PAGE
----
Monday 15 Feb 2021
Progress at Ribblehead as plans submitted for extra viaduct repairs
Specialists restoring one of the country’s most treasured railway structures have found it needs some extra TLC to secure its future for passengers and tourists.
Today, (Monday 15 February) Network Rail has released progress pictures of work taking place as part of a £2.1m investment into Ribblehead viaduct.
Stone blockwork and drainage is being upgraded on the historic structure, which carries the picturesque Settle to Carlisle railway 400 metres across the Ribble valley in Yorkshire.
Detailed laser and drone surveys have mapped every inch of the Grade II* listed viaduct for the first time, and huge scaffolding towers have been built for the repairs to take place.
This has given rare access for a much closer inspection of the 144-year-old railway link's condition.
While the expected repairs have been progressing well, further minor faults in the masonry have been found which need fixing.
Some of the blockwork on the viaduct’s supports is cracked. When water gets inside and freezes in cold weather it turns to ice and expands, making the damage worse.
Plans have been submitted to the Yorkshire Dales National Park Authority to carry out the extra repairs to the newly found cracks as soon as possible as part of this same project.
Marc Vipham, route asset manager for structures at Network Rail, said: “Being up close restoring Ribblehead viaduct for several months now, we have found deeper issues that need attention to protect this amazing feat of Victorian engineering for the future.
“As with any heritage project of this kind, when plans need to change it is standard procedure to submit further planning applications to adapt our work. Carrying out these extra repairs now, when the experts are in place and the scaffolding is already up, will save a huge amount of taxpayers’ money and stop us needing to come back all over again.
“We’re continuing to work closely with heritage experts and conservationists at the Yorkshire Dales National Park Authority so we’re all on the same page as to how we can best restore this much-loved structure for generations to come.”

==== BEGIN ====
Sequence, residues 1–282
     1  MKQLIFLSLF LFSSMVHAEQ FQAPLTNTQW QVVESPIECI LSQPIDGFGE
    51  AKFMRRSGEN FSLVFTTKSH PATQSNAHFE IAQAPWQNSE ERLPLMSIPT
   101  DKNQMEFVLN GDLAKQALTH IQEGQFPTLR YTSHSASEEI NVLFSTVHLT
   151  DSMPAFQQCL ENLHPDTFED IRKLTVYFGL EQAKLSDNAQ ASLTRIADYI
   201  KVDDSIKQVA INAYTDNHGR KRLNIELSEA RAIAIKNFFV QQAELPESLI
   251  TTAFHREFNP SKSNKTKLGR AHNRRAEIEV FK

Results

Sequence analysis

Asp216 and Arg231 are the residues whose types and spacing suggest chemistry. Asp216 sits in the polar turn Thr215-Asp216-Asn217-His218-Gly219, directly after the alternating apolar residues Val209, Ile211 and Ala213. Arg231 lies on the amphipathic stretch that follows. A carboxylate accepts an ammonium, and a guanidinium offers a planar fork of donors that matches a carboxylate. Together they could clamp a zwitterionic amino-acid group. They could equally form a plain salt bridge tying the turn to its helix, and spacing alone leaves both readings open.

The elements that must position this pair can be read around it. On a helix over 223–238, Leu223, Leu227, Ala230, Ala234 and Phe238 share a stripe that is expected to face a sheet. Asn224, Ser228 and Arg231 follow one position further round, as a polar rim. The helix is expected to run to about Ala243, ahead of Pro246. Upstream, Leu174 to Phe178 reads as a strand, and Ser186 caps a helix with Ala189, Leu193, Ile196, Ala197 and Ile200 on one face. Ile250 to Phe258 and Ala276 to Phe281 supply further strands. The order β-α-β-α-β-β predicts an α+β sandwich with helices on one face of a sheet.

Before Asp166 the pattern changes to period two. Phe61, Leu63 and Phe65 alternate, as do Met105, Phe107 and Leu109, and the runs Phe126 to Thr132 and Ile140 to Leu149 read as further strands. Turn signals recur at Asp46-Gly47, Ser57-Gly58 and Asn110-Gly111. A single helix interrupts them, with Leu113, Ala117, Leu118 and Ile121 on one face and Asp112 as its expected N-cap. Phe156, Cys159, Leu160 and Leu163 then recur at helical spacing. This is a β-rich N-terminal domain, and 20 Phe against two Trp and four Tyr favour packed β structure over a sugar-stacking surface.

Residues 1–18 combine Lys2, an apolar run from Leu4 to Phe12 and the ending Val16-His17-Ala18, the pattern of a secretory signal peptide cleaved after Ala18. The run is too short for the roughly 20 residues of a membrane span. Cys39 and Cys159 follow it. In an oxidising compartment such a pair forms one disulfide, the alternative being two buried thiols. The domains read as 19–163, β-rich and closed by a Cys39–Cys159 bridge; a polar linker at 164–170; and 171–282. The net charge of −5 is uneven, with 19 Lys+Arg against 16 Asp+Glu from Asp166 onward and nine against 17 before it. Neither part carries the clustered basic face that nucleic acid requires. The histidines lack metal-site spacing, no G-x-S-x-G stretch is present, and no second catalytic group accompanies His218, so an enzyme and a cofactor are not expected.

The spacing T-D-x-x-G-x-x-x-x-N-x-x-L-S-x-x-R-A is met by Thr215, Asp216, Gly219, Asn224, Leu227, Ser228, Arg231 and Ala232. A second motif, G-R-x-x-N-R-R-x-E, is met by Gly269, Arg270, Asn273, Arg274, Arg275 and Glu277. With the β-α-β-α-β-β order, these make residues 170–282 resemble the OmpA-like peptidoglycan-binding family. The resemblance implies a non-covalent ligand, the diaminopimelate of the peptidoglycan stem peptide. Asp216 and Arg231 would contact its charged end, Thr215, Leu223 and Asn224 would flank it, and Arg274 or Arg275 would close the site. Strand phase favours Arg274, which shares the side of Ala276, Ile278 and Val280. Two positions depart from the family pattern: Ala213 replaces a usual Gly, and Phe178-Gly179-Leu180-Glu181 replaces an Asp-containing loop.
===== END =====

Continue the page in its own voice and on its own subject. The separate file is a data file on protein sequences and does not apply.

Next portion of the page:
Ribblehead Viaduct opened in 1876 bridging the gap between Ribblehead and Dent on the exposed and windy Batty Moss.
Photographs released today show the work currently taking place, which includes:
- Stone blockwork repairs along the structure
- Removal of vegetation and repairing the damage caused by plants and weeds
- Upgrades to drainage systems across the viaduct’s 24 arches
- Repainting of metal and pipework in one universal colour
As Ribblehead Viaduct is a Grade II listed structure, Network Rail is working closely with Historic England and the Yorkshire Dales National Park Authority to ensure the work is sympathetically carried out in line with guidance for historically significant structures.
Notes to Editors
Ribblehead viaduct key statistics
- 104 ft. high
- 402 metres long
- 24 arches
- Built between 1870 – 1875
- Opened on 1st May 1876
Looking after Ribblehead Viaduct
At 400m long, Ribblehead Viaduct’s 24 arches sweep through the Three Peaks region of Yorkshire Dales National Park.
We’re proud to look after such a historic piece of Britain’s railway. Ensuring our Victorian structures remain in safe working order and last for generations to come is a great responsibility.
To do this, we undertake visual exams of the viaduct annually and detailed inspections every six years. We also typically carry out a major renewal every 10 years and any minor works as an when necessary.
Severe weather is one of the challenges we face as custodian of Ribblehead Viaduct, which crosses open land in an exposed position.
For more information on the history of the Settle to Carlisle line click here.
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We own, operate and develop Britain's railway infrastructure; that's 20,000 miles of track, 30,000 bridges, tunnels and viaducts and the thousands of signals, level crossings and stations. We run 20 of the UK's largest stations while all the others, over 2,500, are run by the country's train operating companies.
Usually, there are almost five million journeys made in the UK and over 600 freight trains run on the network. People depend on Britain's railway for their daily commute, to visit friends and loved ones and to get them home safe every day. Our role is to deliver a safe and reliable railway, so we carefully manage and deliver thousands of projects every year that form part of the multi-billion pound Railway Upgrade Plan, to grow and expand the nation's railway network to respond to the tremendous growth and demand the railway has experienced - a doubling of passenger journeys over the past 20 years.